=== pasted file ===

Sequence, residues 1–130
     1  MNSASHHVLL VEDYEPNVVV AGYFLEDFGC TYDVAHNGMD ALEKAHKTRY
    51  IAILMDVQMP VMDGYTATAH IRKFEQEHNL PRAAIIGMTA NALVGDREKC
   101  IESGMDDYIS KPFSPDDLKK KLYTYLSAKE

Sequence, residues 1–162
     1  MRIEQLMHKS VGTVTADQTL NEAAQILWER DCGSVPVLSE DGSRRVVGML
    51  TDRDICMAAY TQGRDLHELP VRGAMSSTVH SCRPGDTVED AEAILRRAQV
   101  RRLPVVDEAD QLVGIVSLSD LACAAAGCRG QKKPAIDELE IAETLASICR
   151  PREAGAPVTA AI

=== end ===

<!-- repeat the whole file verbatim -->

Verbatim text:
Sequence, residues 1–130
     1  MNSASHHVLL VEDYEPNVVV AGYFLEDFGC TYDVAHNGMD ALEKAHKTRY
    51  IAILMDVQMP VMDGYTATAH IRKFEQEHNL PRAAIIGMTA NALVGDREKC
   101  IESGMDDYIS KPFSPDDLKK KLYTYLSAKE

Sequence, residues 1–162
     1  MRIEQLMHKS VGTVTADQTL NEAAQILWER DCGSVPVLSE DGSRRVVGML
    51  TDRDICMAAY TQGRDLHELP VRGAMSSTVH SCRPGDTVED AEAILRRAQV
   101  RRLPVVDEAD QLVGIVSLSD LACAAAGCRG QKKPAIDELE IAETLASICR
   151  PREAGAPVTA AI